Sunday's sweet success

By: Joe Strupp Don't tell Dean Lehman that Sundays aren't happening.
Lehman, whose 17,000-circulation Loveland (Colo.) Daily Reporter-Herald added a Sunday edition two years ago, says it's among the best moves he ever made.
"Sundays are good newspaper days," says Lehman, president of Lehman Communications, which runs three Colorado dailies. "There was a general feeling at the time that a Sunday newspaper would be an appropriate addition because there is more interest from readers in things that a Sunday paper can provide."
Lehman is not alone. In the past five years, the number of Sunday newspapers has grown steadily from 884 in 1993 to 903 today, according to The Editor and Publisher Yearbook. That is in sharp contrast to the number of daily newspapers, which has dropped from 1,556 in 1993 to 1,509 last year.
Industry experts attribute the rise in Sunday publications to a growing demand by both readers and advertisers for more weekend news. Analysts say readers have less time during the week to catch up on news and want a Sunday product that can keep them up to date.
"Sunday remains the most relaxed day of the week," says NAA president and CEO John Sturm. "People are still busy on Sunday but not as busy as they are during the week."
Advertisers agree, citing the growing need for a bigger Sunday selling position to grab busy readers on their only day off.
"That is more of what is going on in the marketplace," says Carol Fletcher of Starcom Media Services, a national ad broker. "Readers want a Sunday paper. Sometimes they don't have time during the week, so they catch up on Sundays."
Advertising experts say the Sunday editions offer space for endless inserts and a more relaxed, focused readership that pays more attention to run of press (ROP) ads than a rushed, weekday reader.
"People are making more of an appointment with their Sunday paper," comments Paul Bankert, print supervisor with New York-based Zenith Media, which handles several national advertising accounts. "It's a good trend that began several years ago and it is snowballing."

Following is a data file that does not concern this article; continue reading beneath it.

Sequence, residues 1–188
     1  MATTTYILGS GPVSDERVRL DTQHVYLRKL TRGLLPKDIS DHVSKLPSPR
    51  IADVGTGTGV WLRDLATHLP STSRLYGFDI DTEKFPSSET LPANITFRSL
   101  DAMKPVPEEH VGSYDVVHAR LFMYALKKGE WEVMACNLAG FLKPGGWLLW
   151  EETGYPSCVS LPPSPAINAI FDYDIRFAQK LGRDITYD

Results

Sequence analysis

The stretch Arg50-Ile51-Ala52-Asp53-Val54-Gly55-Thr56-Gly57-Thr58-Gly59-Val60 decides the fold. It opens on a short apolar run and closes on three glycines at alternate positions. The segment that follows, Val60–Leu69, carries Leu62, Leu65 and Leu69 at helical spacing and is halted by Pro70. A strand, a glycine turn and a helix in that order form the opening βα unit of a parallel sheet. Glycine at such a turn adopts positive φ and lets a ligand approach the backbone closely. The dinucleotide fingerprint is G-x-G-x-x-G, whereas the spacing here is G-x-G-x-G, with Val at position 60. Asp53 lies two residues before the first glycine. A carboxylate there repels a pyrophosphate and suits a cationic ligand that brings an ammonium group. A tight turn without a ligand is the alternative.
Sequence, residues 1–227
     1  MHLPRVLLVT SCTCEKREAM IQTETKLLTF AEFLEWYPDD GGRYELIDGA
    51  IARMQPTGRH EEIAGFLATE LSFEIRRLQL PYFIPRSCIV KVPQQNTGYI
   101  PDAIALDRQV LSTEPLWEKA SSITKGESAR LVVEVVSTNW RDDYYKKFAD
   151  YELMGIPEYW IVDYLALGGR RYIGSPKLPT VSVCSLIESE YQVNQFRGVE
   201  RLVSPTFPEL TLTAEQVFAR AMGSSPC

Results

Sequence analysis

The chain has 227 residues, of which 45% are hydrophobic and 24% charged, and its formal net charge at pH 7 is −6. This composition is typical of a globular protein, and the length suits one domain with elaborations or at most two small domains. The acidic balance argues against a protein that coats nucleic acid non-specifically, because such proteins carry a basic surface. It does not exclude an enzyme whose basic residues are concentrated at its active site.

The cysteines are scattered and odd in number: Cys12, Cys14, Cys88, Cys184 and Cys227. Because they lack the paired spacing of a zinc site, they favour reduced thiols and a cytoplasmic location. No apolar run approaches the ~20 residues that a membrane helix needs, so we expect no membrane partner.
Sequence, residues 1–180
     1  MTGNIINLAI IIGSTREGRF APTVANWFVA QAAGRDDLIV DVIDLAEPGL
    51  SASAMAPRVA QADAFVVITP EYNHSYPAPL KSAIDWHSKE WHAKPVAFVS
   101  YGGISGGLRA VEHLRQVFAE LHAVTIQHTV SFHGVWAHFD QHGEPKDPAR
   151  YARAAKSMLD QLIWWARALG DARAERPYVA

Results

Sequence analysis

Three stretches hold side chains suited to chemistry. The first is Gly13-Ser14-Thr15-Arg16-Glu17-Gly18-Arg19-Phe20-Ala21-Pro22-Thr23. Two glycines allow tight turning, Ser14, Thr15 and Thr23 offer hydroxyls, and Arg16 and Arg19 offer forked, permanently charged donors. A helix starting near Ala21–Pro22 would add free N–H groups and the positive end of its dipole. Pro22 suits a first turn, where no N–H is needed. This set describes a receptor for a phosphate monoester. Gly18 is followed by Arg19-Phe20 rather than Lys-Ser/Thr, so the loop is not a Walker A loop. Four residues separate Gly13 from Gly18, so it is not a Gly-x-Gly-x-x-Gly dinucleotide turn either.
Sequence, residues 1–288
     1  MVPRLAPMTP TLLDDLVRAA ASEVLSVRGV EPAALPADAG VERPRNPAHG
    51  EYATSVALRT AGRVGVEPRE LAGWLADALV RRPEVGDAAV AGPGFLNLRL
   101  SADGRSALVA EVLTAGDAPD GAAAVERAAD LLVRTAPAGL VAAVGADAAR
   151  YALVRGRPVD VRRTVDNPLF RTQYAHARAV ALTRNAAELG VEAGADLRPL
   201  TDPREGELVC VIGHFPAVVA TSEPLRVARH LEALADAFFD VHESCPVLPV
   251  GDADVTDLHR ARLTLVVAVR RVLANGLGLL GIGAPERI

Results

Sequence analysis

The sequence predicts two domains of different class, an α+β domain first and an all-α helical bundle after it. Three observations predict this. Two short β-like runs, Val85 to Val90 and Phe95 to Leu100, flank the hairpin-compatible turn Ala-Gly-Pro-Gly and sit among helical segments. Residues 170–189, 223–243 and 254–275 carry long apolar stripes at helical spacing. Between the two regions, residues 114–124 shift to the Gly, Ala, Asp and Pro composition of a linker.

Editors say readers want the in-depth stories, features, home and self-help sections, weekly news review, and even obituaries that a Sunday edition provides.
Publishers who have added Sunday editions say they took the plunge only after careful consideration of costs and long-term benefits.
"It takes up to two or three years to really see the revenue and we believe it will be a good, long-term move," says Kathy Hollis, advertising director for the 6,000-circulation The Alexander City (Ala.) Outlook, which added a Sunday paper in 1997. "We expect it to be good in the long run."
Hollis declines to cite added costs or revenue increases since the Sunday paper began. But she says the new venture has increased rack sales on every edition and brought in acceptable revenue.
Don Cooper, publisher of the 17,000-circulation Galesburg, Ill., Register-Mail ? which added a Sunday edition two years ago ? says the expansion is a perfect ad-driven business decision.
"The national chain stores are on a cycle where their inserts are banking on Sunday," Cooper says. "Kmart, Penney's, Sears, they all want it."
Cooper, who hired seven new staffers for the Sunday expansion, says the need for more local weekend news coverage also helped push the Sunday edition. "We thought we were missing local news and the opportunity to let our readers know some things first," Cooper recalls. "Over time, it will be our biggest day."
?(Editor & Publisher Web Site: http:www.mediainfo. com) [Caption]
?(copyright: Editor & Publisher February 27, 1999) [Caption]


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